The Reporter - Independently Serving Belize Since 1967
October 29th, 2011
Illegal Use of Coral Angers NGO's
Few places in the world are blessed with the diverse marine resources found at Belize’s Turneffe Atoll. Turneffe supports both a vibrant tourism economy and a productive commercial fishery. Additionally, the atoll provides valuable protection from storm damage for the mainland, particularly for Belize The illegal use of corals in a 600-foot coral seawall has come under strong criticism from non-government organizations who say the incident could have been averted months ago had the Department of the Environment (DOE) taken the necessary actions.
According to reports received, the DOE and the Fisheries Department had received information earlier this year regarding the alarming case of a development project on South Long Coco Caye (SLCC), where the developer was digging up live coral to build a seawall. (read on)
Prepared by Anthony J. Fredler, Phd. Human Dimensions Consulting
September 7th, 2011
The Economic Value of Turneffe Atoll
Few places in the world are blessed with the diverse marine resources found at Belize’s Turneffe Atoll. Turneffe supports both a vibrant tourism economy and a productive commercial fishery. Additionally, the atoll provides valuable protection from storm damage for the mainland, particularly for Belize City.
Over 60% of Belize’s tourists participate in marine activities during their stay in Belize. As one of Belize’s major marine tourism destinations, Turneffe Atoll is an important component of the Belize tourism economy. With at least 60 named dive sites, Turneffe is visited by divers from around the world who either stay at one of the all-inclusive resorts on the atoll or travel to Turneffe from as far away as San Pedro, Caye Caulker or Placentia. Turneffe’s back-reef flats, creeks, channels and seagrasses offer world-renowned sport fishing for bonefish, permit, tarpon and several other species. Turneffe Atoll has been recognized by experts as one to the World’s seven best bonefishing destinations and one of the ten best permit fishing destinations. Turneffe Atoll is also home to many threatened and endangered species including the American saltwater crocodile, Antillean manatee, Hawksbill turtle, goliath grouper, and Nassau grouper making it a centerpiece for eco-tourism and marine research.
For generations, Turneffe Atoll has supported an important commercial fishery. Although this fishery appears to have experienced a significant decline over the past decade, it continues to be an important part of Belize’s economy and an important source of jobs in Belize.
Reefs and mangroves dampen the effects of tropical storms and hurricanes by protecting mainland property from damage. This storm protection is a valuable benefit related to Turneffe Atoll; and Turneffe’s location, directly East of Belize City, makes its ability to moderate storm damage particularly important. These benefits are recognized as essential when considering offshore planning and development decisions (Deitrich 2006; Sadovy 2005).
Much of Belize’s offshore area, including portions of Lighthouse Atoll and Glover’s Reef Atoll, is protected under the National Protected Areas System Plan. Although Turneffe Atoll has long been recognized as a conservation priority, as emphasized in the GAP Analysis by Meerman (2005), Turneffe Atoll currently enjoys no definitive management structure or protected status.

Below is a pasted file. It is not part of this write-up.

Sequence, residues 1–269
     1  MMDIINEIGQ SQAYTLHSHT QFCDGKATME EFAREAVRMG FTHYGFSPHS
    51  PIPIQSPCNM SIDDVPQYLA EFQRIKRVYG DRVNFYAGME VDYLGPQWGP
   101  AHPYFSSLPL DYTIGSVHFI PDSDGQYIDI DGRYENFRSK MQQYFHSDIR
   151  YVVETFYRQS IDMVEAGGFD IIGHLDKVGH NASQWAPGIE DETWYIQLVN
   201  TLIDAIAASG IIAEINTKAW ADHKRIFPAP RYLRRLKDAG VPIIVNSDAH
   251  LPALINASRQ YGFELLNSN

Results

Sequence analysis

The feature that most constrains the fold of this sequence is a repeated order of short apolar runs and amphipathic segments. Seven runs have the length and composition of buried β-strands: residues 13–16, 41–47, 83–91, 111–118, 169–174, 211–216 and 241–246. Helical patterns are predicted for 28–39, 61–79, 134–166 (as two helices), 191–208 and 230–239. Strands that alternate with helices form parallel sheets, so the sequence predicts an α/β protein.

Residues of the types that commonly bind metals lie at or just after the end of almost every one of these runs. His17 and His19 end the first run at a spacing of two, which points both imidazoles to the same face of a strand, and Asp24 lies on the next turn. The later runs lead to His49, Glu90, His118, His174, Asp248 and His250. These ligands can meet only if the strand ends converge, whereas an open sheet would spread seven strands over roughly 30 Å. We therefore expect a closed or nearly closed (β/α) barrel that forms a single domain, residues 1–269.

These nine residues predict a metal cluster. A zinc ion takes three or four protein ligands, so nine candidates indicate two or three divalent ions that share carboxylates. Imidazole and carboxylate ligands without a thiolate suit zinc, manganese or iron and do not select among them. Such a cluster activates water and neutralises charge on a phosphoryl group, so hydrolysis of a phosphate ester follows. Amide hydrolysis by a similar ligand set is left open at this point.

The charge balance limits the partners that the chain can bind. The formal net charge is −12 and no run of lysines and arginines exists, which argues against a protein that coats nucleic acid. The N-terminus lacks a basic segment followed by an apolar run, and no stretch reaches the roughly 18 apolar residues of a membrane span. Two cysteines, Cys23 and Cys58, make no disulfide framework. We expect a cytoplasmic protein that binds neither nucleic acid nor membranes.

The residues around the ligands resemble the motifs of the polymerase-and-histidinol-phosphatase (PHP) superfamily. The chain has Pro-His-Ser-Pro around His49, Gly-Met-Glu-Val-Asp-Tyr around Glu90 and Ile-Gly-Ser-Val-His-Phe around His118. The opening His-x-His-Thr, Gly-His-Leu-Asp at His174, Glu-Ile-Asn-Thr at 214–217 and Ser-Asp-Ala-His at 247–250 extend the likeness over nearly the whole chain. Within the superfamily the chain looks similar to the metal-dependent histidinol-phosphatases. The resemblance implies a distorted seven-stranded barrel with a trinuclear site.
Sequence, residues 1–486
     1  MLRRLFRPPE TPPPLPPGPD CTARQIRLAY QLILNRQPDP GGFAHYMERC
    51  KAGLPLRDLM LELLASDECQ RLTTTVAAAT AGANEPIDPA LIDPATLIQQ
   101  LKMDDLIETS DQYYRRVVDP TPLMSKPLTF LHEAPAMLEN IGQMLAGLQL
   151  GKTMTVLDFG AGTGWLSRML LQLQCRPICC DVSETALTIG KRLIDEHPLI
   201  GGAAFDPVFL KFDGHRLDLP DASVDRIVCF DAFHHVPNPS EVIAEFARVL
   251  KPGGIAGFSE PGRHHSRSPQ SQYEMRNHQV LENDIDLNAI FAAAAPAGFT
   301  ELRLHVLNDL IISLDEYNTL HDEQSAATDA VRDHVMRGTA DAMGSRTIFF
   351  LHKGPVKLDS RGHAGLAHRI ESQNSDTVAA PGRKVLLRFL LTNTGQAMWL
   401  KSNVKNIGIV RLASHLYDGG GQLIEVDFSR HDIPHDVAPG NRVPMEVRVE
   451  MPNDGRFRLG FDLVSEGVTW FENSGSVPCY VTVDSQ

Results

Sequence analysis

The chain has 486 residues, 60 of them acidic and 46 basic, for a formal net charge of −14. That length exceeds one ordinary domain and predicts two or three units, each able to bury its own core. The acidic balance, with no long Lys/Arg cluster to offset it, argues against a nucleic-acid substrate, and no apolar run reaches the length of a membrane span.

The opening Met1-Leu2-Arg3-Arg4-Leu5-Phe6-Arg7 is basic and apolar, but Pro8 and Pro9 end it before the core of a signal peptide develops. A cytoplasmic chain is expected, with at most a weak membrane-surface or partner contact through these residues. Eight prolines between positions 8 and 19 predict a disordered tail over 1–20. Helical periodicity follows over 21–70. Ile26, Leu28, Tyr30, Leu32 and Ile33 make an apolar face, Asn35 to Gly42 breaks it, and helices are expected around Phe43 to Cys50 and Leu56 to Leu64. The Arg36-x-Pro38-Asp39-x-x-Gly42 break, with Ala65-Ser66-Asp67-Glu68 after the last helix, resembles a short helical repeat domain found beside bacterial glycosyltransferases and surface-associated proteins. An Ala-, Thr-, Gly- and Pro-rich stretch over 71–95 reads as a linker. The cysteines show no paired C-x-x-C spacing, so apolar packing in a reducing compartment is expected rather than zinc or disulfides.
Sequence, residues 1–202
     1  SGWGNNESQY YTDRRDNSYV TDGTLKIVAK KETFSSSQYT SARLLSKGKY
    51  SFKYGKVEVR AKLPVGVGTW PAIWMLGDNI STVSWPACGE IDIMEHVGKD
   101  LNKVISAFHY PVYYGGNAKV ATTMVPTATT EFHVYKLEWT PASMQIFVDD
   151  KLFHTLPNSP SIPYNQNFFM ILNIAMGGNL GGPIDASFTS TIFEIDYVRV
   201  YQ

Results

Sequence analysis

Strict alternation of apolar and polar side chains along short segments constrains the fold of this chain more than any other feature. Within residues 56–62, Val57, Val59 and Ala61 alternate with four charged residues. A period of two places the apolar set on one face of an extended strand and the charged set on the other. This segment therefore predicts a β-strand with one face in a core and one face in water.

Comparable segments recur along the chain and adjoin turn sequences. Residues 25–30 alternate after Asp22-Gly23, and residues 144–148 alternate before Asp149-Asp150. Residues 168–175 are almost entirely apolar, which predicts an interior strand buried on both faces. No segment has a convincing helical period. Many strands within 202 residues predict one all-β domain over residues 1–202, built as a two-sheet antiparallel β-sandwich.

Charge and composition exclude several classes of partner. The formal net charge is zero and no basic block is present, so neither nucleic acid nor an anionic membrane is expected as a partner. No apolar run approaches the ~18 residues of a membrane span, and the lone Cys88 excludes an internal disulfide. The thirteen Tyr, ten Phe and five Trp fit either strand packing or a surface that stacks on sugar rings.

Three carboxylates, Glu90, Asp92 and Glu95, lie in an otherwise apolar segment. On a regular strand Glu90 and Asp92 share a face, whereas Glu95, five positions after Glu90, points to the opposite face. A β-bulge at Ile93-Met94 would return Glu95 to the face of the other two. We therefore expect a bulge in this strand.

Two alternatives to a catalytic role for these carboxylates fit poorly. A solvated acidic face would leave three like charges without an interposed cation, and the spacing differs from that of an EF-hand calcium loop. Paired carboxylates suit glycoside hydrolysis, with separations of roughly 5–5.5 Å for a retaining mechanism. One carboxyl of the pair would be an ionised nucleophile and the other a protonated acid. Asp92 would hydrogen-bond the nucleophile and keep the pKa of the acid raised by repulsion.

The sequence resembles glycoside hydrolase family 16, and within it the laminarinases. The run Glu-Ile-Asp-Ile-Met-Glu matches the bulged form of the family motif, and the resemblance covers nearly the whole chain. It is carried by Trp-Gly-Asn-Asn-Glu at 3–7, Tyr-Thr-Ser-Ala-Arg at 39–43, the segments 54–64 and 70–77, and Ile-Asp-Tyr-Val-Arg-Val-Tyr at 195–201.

(download full report)
Amandala, Belize'a Leading Newspaper
Your Barrier Reef is in Major Trouble, Belize
August 19th, 2011
There is so much going on as it relates to our bit of the Caribbean Sea, and, in this writing I hope to open the senses about that which we hold so dear. We need to start paying attention to our things marine, because while “dawn [used to be] a fisherman,” the rest of the day is pure savagery as it relates to our marine resources these days.
The only time we Belizeans seem to take serious notice of our seas is in time of hurricanes, border dispute flare-ups, or some major cocaine-related drama. And while these are important events, we must also look at protecting the “coastal zone” year round. Prevention is better than cure. Yet, we don’t pay much attention when our highly efficient Coast Guard busts rebel fishermen with baby lobsters barely two (2) inches long, protected sea cucumbers, and undersized and out-of-season resources. This ambivalent attitude is not going to cost us later: it’s taking its toll now. Right now! (read on)
Undersized Lobster Bust
August 2nd, 2011
On Saturday, 30th July, the Belize Coast Guard team from Calabash Caye made a major bust of illegal fisheries. Two females were arrested and the catch was called in to the Fisheries Department - which found a few more underized and out of season products.
These tiny lobster tails - some of them even smaller than shrimp - are what the Coast Guard recovered at an island in the Turneffe Atoll where a 25foot fiber glass Mexican Skiff "Forever Young" was docked. In total 293 lobster tails were recovered.
Hampton Gamboa, Conservation Compliance Unit
"The lobsters are all undersize that was found by the Belize Coast Guard on an island called Cockroach Caye out in Turneffe Atoll. They were only about just about a dozen that were over 2 ounces, all the rest were less than 2 ounce. We even have some of the tail weighing as low as 0.4 ounce on the scale, so they were really small and the overall average weight was like 1.2 ounces. Of `200 plus individuals when you look at 1.2` ounces as the average weight - we are dealing with some really extreme small lobster tail here."